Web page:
Following on from making a mast, these are some photos and comment on bending the sails and making an IOM No.1 or "A" rig.
Sail numbersThe first step is to ink on the sail numbers, the national letters, and the class insignia. I use a "permanent" overhead transparency film pen. It comes off with acetone if necessary, but otherwise lasts well for a couple of years. Take care with the masking tape for the template, it should be a low-tack variety, otherwise it could bruise the sail (well, it bruised my sail!). The photo shows the starboard number on the mainsail inked in, and the port number being prepared.
Slide a wire up the jib luff to make the jibstay. Attach an uphaul (mine is non-adjustable) to the jib head, and to the jibstay at the hounds. Because my jibstay is also non-adjustable, the mast instead has a number of holes, spaced to give 1 degree rake adjustment per hole. A jibstay hook is fashioned to a length that, when inserted into the topmost hole, gives the mast zero rake. In order to have the topping lift clear the jib leech, there should be at least 60mm between the jib head and the end of the jibstay.
Jib boomMake an adjustable downhaul at the tack. The adjustment here should quite sensitive, so I loop the downhaul (tack attachment line) through the tack eyelet to give a 4:1 purchase at the bowsie. The photo shows a substantial gap between the jib foot and the boom. Ideally, this gap should be a lot less, maybe just 1mm or 2mm if you can manage that and still have adequate mast rake adjustment.
The position of the jib boom pivot should ideally be adjustable. I have two pivot positions on my jib boom at 80mm and 90mm from the tack.
The topping lift has a length of "roach pole" elastic attached, to keep it from floating in a high breeze and hooking up on the spreaders. The elastic terminates in the boom with a small plastic ball, and a crimp. The boom aft end fitting is screwed to the boom, and can be moved in or out.
The topping lift goes to a sensitive adjuster with a 4:1 purchase by running up to an eye (fishing swivel) at the pivot attachment on the boom and back through a ring to a bowsie. The bowsie position (ie topping lift position) is measured against a scale inked on the boom. The major mark represents a "standard" twist setting of 10 degrees, while each minor mark yields a further 2 degrees of twist. The minor marks are spaced at 2mm, and give a 0.5mm change in topping lift length -- really small, but that is the fineness of adjustment required. The small plastic ball simply keeps the topping lift line inside the SailsEtc special section boom. While the topping lift line is quite fine, 30kg BS Dyneema (Spectra), the lift adjustment line that runs through the bowsie is somewhat thicker, 50kg Dyneema. This ensures the bowsie takes and keeps its position, since it can slip down the thinner line.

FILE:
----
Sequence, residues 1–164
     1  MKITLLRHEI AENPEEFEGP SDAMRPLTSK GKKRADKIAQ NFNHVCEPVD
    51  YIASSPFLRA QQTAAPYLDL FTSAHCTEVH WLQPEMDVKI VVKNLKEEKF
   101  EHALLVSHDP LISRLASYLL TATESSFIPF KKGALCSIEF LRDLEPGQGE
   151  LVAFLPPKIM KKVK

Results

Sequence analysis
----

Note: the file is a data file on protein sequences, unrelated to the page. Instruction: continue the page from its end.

Finally, the jib boom is finished with a trio of sheet attachment shackles. I like to be able to vary the jib sheeting radius depending upon pivot position and whether the race course is dominated by beating/running, or by reaching. If reaching, I'll usually select a slightly larger radius to help with sailing by the lee on a broad reach.
The sheet adjustment holes and the sheet hook are similar to those used on the main boom, and are shown on the "Mast" page.
Mainsail lufflineThere are some preliminary remarks about the mainsail luff line on the "Luffline" page. The mainsail luff pocket must be prepared for the luff line. At the tack, I've cut away the luff pocket up to 40mm from the tack. At the head, I've cut a 10mm notch into the luff about 150mm down. The head insertion point for the luff line must be quite low down, otherwise the sail will not rotate easily around the mast on the reach or run. The luff line is inserted into the mainsail, and is attached at the head of the mast through a hole as shown. You might just be able to see two holes in the aft face of mast head. The top hole was a mistake, 'cos I didn't leave enough space between the bottom of the head fitting and the luff line attachment. You may also need to tape the luff line against the mast where it emerges to get it to lie flat against the mast aft face.
The luff line arrangement at the foot of the mainsail has been pulled away from the mast so it photographs well. In practice, the luff line is -- must be -- snug up against the aft mast face. In practice, the tack is also tied to the mast. The photo shows the luff line tension adjustment line passing to the forward face of the mast, opposite the gooseneck. This is fine if you have an open cockpit and easy access to the mast foot, but it doesn't work very well in my Ikon. I'll have to try a different arrangement.
In fact, the luff line tension arrangement includes a length of elastic, visible as the orange line in the photo. The tension line terminates at a hook screwed below the gooseneck, but you could as well use one of the gooseneck attachment screws.
The luff is pierced in three or four places with a fine tipped soldering iron so the luff line can be tied to the mast. In order to obtain the right looseness of the tie, I make it with a 1.5mm rod placed against the mast, and then tie the luff line snugly. When the rod is removed, there is a small gap between the luff and the mast which allows the sail to rotate easily on the reach or run, but still remain snug against the mast.
Mainsail boomThe mainsail boom is treated on the "Building a mast" page, with the automatically easing downhaul (tack attachment line).
©2021 Lester Gilbert